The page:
Council DNA Testing to Catch Fly-tippers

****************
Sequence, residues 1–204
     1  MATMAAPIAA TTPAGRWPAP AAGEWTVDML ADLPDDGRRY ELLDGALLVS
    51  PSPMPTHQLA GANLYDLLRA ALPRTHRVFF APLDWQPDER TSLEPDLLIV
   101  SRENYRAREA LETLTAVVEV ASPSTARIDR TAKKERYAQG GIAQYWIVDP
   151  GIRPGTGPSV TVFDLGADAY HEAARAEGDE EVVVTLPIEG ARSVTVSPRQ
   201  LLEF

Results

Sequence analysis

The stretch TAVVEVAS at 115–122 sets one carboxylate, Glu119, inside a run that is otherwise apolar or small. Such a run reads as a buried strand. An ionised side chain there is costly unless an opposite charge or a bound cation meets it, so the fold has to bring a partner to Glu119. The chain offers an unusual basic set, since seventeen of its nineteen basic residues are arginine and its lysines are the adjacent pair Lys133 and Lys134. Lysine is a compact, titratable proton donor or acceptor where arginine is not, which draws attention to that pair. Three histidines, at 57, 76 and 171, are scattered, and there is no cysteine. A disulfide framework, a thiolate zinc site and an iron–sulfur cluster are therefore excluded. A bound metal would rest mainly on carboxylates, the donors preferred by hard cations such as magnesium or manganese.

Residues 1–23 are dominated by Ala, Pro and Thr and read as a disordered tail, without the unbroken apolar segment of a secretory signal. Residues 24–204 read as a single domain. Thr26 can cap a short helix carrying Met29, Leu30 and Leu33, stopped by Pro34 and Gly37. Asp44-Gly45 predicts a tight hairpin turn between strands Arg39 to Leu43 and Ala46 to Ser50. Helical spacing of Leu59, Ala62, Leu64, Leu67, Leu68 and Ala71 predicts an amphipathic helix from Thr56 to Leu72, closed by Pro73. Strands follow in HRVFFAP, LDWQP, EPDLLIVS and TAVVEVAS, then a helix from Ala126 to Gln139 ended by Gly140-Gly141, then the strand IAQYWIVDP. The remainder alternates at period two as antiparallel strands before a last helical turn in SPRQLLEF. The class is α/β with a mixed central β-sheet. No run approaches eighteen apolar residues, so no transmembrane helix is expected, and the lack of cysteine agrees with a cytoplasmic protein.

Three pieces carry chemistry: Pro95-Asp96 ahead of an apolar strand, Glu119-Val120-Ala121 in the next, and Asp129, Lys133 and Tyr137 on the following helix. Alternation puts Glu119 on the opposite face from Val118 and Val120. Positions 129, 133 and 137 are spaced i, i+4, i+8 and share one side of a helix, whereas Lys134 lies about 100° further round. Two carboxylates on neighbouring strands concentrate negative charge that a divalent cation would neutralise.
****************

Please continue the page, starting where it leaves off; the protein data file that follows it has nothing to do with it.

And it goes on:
DNA testing could be used to track down and fine people responsible for fly-tipping by Councils. Birmingham City Council is looking into the idea as part of its initiatives to reduce the £800,000 it spends each year disposing of rubbish which has been dumped illegally. At the moment techniques used by the local authority include looking through rubbish for clues on who it might belong to. Tony Quigley, who is in charge of the council’s waste enforcement unit, told the Birmingham Mail that there was a need to gather more evidence to successfully prosecute culprits. He said: “We do not know if the DNA testing will work but are looking at it. We have to prove beyond any reasonable doubt who is responsible and this is worth a try.” The DNA testing will potentially be used alongside other methods of gathering evidence including CCTV cameras, door-to-door enquiries, interviewing witnesses and sometimes carrying out covert surveillance. Demand to gather more evidence In 2015, less than a third of its 467 fly-tipping cases resulted in a successful prosecution. In many cases, this was down to a lack of evidence as Birmingham City Council have to prove an individual is guilty beyond reasonable doubt. If the council decide to use DNA testing, dumped items will be searched for samples of blood and saliva which could lead to their original owner being traced. Anglesey Council already use this method as part of a crackdown on fly-tipping in partnership with North Wales Police. The authority’s waste management section began using DNA analysis back in 2014. DNA testing has been used by the police to track down criminals for 30 years but it is usually associated with serious or violent crimes. But DNA analysis is commonly used for a much more positive purpose – helping people identify members of their family. Paternity tests can be used when there are doubts or questions over the identity of a child’s father. Testing can also determine whether two people are biologically related in another way. Two suspected siblings may take a DNA test to find out whether they are brother or sister. And if two men are related to each other through their paternal line a Y chromosome test will be able to confirm that they are related. DNA tests are now readily available to the public and sample collection kits can be easily bought online from AlphaBiolabs.